Internal hydraulic jumps in a long narrow lake

Abbas Dorostkar and Leon Boegman

Limnol. Oceanogr., 58(1), 2013, 153-172 | DOI: 10.4319/lo.2013.58.1.0153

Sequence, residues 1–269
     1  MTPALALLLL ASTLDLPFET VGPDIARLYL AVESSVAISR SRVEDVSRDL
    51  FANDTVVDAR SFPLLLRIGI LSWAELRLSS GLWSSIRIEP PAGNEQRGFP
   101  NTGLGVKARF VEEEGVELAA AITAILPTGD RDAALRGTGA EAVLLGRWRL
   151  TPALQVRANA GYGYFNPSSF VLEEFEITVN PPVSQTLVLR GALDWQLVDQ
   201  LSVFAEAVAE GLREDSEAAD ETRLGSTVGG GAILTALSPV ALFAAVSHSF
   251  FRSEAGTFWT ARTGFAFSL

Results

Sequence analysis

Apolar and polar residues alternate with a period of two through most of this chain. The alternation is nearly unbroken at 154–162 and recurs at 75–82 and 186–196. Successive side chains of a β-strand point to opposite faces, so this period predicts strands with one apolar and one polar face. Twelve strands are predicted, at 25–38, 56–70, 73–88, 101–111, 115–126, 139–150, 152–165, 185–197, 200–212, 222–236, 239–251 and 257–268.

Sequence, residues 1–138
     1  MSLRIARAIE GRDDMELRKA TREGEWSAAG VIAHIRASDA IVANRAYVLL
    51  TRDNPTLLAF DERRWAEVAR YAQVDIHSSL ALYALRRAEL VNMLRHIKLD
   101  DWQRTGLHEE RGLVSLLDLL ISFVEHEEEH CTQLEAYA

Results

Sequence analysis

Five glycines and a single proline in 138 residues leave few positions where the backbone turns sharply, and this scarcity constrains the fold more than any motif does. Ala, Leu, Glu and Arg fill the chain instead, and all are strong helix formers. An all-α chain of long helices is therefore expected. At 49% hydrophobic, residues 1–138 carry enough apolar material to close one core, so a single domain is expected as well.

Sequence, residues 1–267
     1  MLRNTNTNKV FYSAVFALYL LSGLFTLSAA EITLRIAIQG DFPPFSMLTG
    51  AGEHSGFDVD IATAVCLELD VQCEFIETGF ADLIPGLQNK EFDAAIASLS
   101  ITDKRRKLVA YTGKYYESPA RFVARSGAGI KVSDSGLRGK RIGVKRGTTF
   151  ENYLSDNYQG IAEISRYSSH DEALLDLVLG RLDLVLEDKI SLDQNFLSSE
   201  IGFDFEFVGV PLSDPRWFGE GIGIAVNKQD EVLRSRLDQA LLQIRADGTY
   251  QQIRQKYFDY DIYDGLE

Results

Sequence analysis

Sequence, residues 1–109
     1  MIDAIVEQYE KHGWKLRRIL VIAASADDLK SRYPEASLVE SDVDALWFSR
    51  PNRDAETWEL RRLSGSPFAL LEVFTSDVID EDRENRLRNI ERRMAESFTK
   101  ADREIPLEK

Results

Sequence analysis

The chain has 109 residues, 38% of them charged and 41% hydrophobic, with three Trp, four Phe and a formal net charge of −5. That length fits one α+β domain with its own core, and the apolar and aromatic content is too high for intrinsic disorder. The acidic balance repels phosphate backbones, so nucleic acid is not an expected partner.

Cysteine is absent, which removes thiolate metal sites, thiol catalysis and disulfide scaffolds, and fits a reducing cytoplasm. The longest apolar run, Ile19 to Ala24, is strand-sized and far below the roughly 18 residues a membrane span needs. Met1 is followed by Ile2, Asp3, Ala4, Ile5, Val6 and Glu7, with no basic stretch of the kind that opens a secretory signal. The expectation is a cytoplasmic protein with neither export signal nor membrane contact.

ABSTRACT: High-resolution three-dimensional numerical modeling and field observations were used to describe the nonlinear response of Cayuga Lake to surface wind forcing. The degeneration of the basin-scale internal wave field was characterized according to the composite Froude number (G2), Wedderburn number (WN), and Lake number (LN), which are measures of hydraulic control and bulk and integral wind disturbance force to the baroclinic restoring force, respectively. The typical Cayuga Lake response was a nonlinear surge when ∼ 1 < WN (or LN) < ∼ 2–12 and a surge with emergent nonlinear internal waves when WN or LN < ∼ 2, in agreement with published laboratory studies. An observed shock front was simulated to be an internal hydraulic jump, occurring at midbasin during strong winds when WN < 0.8. To our knowledge, this is the first simulation of a midbasin seiche-induced hydraulic jump (supported by field data) due to supercritical conditions (G2 > 1) in a lake. The occurrence of the hydraulic jump was correctly predicted using scaling parameters. It was also shown that topographically induced internal hydraulic jumps form when the nonlinear surges interact with a sill-contraction topographic feature. In contrast to published literature, the observed high-frequency nonlinear internal waves were preferentially associated with internal jumps, as opposed to steepened internal surges. Computed vertical diffusivities showed mixing was enhanced by two orders of magnitude within both the surges and hydraulic jumps as they propagated through the basin and interacted with topography. Our results can be generalized to other lakes and fjords with similar long–narrow geometry and topographically separate side basins.

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